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Sunday, 6 June 2021

Pride, Proud?

 The eagle-eyed (and eared) among you may have noticed that this June is Pride Month.

It's a curious time, and not just because most of the celebrations are online (or in the case of BBC Radio 6music, on the airwaves) rather than out the street.

It happens to be a curious time  for me personally because this is the first time I've been actively involved in the celebrations. 

Circumstances have conspired in previous years - even before lockdown - to prevent me actually attending a public Pride event, either as my everyday male persona or as Susie. That one is still on my bucket list.

But this year I found myself on the newly formed Pride committee at work, helping to arrange and publicize the network and a number of events lined up throughout Pride Month in June.  And it's even more curiouser* for me in that I have not actually come out to the rest of the committee as bi-gender, or hinted at the existence of Susie. Instead I registered as an ally when I joined rather than identifying as any part of the  LGBT spectrum.

[* if it's a good enough for Alice then it's good enough for me.]

It feel does a little disingenuous, and I suspect at some point that this unresolved situation may have to change. The trouble is, as with a lot of  decisions you keep putting off, the harder it gets to finally do something about it, and the more uncomfortable having to explain why you kept putting it off in the first place.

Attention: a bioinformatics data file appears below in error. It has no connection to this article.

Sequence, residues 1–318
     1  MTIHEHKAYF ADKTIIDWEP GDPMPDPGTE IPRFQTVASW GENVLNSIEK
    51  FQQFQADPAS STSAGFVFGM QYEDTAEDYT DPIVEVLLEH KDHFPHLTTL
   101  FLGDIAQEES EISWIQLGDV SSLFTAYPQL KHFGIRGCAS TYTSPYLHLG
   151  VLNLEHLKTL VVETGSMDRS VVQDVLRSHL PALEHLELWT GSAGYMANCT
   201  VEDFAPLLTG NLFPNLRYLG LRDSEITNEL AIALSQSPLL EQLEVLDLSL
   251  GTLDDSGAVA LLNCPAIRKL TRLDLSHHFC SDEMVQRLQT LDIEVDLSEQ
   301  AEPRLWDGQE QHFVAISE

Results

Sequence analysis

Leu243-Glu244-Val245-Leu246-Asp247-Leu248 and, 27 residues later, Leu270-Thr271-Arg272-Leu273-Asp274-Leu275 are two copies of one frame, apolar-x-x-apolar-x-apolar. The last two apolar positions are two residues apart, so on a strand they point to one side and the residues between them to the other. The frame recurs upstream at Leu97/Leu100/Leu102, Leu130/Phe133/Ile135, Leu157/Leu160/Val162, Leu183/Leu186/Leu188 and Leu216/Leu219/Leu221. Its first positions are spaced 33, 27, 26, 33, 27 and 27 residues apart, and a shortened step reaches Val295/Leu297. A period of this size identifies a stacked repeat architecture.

If and when I come out at work is not down to any actual or perceived pressure to do so. The company I work for is very supportive of Pride as part of a wider remit of Diversity and Inclusion and it's made very clear that you are not expected to do anything that would make you feel uncomfortable: You can be out and proud, or you may not think you are ready, or you even think it's no-one else's damn business how you feel and you you fancy. It is entirely your choice, and everyone needs to respect that.

But Pride? If I'm still hiding the existence of Susie, even to my fellow members on the Pride committee and who I can trust to be accepting and completely confidential, then should I be celebrating Pride? Am I, in fact, proud?

Possibly not. I've lived with this dual aspect of me so long, and though some pretty grim times, that it's not something I can say I'm proud to be in the same way I can take pride in a skill or an accomplishment. It's just a weird kink, maybe even a glitch, in the way I developed. It's there, and it's always been there, and to me it's sort of like saying  you are proud of being left handed, or having blue eyes, or a middle toe longer than the rest. (I haven't by the way, so don't bother checking your own in case it's some weird medical marker.)

No. I'm celebrating Pride for other people: for my colleagues and my friends, both at work and elsewhere, whether they know me as Susie or not. And that means for you too.

Happy PRIDE.


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